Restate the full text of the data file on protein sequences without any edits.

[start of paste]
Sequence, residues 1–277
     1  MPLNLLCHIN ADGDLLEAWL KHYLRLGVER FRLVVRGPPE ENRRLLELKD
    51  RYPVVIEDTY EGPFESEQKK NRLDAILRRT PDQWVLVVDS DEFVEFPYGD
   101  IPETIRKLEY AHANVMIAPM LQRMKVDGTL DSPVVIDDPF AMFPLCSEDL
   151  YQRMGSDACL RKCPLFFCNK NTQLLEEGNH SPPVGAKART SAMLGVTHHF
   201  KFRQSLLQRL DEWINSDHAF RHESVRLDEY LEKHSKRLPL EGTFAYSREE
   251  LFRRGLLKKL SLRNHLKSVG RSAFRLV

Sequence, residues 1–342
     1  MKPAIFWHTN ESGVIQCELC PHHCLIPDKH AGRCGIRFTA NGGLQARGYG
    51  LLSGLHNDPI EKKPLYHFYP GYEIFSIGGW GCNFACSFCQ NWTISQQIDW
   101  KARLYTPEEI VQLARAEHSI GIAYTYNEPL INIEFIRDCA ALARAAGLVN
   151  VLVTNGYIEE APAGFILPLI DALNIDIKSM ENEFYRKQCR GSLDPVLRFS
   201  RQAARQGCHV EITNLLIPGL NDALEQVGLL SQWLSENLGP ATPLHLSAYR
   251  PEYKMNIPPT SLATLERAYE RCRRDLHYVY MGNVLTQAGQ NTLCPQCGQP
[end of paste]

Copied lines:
Sequence, residues 1–277
     1  MPLNLLCHIN ADGDLLEAWL KHYLRLGVER FRLVVRGPPE ENRRLLELKD
    51  RYPVVIEDTY EGPFESEQKK NRLDAILRRT PDQWVLVVDS DEFVEFPYGD
   101  IPETIRKLEY AHANVMIAPM LQRMKVDGTL DSPVVIDDPF AMFPLCSEDL
   151  YQRMGSDACL RKCPLFFCNK NTQLLEEGNH SPPVGAKART SAMLGVTHHF
   201  KFRQSLLQRL DEWINSDHAF RHESVRLDEY LEKHSKRLPL EGTFAYSREE
   251  LFRRGLLKKL SLRNHLKSVG RSAFRLV

Sequence, residues 1–342
     1  MKPAIFWHTN ESGVIQCELC PHHCLIPDKH AGRCGIRFTA NGGLQARGYG
    51  LLSGLHNDPI EKKPLYHFYP GYEIFSIGGW GCNFACSFCQ NWTISQQIDW
   101  KARLYTPEEI VQLARAEHSI GIAYTYNEPL INIEFIRDCA ALARAAGLVN
   151  VLVTNGYIEE APAGFILPLI DALNIDIKSM ENEFYRKQCR GSLDPVLRFS
   201  RQAARQGCHV EITNLLIPGL NDALEQVGLL SQWLSENLGP ATPLHLSAYR
   251  PEYKMNIPPT SLATLERAYE RCRRDLHYVY MGNVLTQAGQ NTLCPQCGQP